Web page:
(D) She threw the bag away.

To non-autistic people, these items are out of order, the correct order is obvious, and they probably rearranged them properly without really thinking about it; C, B, A, D.

To someone like me (a high-functioning woman with Asperger’s who appears normal in virtually every capacity), none of that is obvious. The statements seem totally unrelated, and the fact that it is simply because they are out of order (and that I put them that way, no less) just slips under the water without so much as a ripple. Worse, instead of noticing the wrong order and fixing it, my brain gets stuck trying to make the wrong order work.

This is how information appears to those on the autism spectrum most of the time; lists of apparently unrelated items which, if not provided in precise, temporal fashion, without any skipped steps or thoughts, we cannot make head or tail of. It’s only by taking all four phrases as a whole that the scene is revealed, and for whatever reason, our brains just don’t do that. It’s been termed “global precedence.” It occurs naturally in NTs, and we ASDs must fumble along without it.

The idea that the items might have been presented in the wrong order is only stumbled upon after overturning several other possibilities–if it occurs to us at all. This impairment in processing global phenomena is so persistent that even though I arranged the previous sequence of phrases out of order on purpose, with full knowledge of what the intended order was supposed to be, my brain remains stubbornly unwilling to rearrange them because of the order in which they’re presented.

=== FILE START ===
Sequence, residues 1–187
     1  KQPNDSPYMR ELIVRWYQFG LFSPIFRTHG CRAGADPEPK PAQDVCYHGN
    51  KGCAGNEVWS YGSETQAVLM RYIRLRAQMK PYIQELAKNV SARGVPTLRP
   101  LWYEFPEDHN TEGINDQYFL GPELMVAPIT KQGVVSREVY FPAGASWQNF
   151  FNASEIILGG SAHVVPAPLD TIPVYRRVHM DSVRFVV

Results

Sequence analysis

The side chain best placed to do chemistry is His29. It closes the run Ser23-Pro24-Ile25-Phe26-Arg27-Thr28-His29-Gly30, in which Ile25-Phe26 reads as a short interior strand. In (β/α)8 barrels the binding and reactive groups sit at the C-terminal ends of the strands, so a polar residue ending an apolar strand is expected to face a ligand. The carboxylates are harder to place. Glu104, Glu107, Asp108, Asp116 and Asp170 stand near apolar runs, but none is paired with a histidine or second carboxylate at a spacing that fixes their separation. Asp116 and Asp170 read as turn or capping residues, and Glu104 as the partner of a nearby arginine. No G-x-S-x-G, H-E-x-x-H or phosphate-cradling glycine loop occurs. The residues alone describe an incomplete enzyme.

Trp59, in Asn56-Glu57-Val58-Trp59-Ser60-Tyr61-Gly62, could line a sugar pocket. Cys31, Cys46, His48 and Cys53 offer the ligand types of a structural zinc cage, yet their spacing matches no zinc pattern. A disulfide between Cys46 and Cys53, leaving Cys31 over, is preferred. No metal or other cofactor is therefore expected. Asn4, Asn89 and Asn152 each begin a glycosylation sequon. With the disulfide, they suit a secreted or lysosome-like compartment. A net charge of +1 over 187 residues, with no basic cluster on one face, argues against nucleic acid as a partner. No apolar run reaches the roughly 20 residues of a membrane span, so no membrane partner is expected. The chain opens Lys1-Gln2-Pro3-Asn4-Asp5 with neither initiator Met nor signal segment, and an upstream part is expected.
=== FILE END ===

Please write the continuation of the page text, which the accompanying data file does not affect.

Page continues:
The fact that there is no “she” and I created this entire exercise out of whole cloth just minutes ago is, unfortunately, of no use whatsoever. There it is on the page, and therefore it exists, and so does “she.” In fact, this “she” is now a real woman who opened her lunch bag after eating her lunch and threw it away, and I can’t figure out why. I’m thinking maybe she didn’t like what she packed for lunch and bought something else. Or maybe she forgot she brought lunch until after she ate.

If this sounds utterly ridiculous, well, welcome to my world. Ridiculousness is a part of the daily autistic experience. I think one of the reasons my anxiety is so persistent is that much of the world appears this off-balance to me much of the time. Very little makes sense. I’m just used to it.

The more I think about it, the more maddening it becomes. I feel like I ought to be able to teach myself to think differently, especially after all this time, but for whatever reason, there’s a gap between understanding what I’m supposed to be doing and simply being able to do it. It’s like driving from New York to California by way of Alaska. I mean, I’ll get there. (Two weeks after you, maybe, but dangit, I’ll get there.) But for whatever reason, I can’t just go straight from one to the other. That route is not one of the options my brain has to offer. (Luckily, I’m patient and tenacious; other people might have given up once they cleared Manitoba.)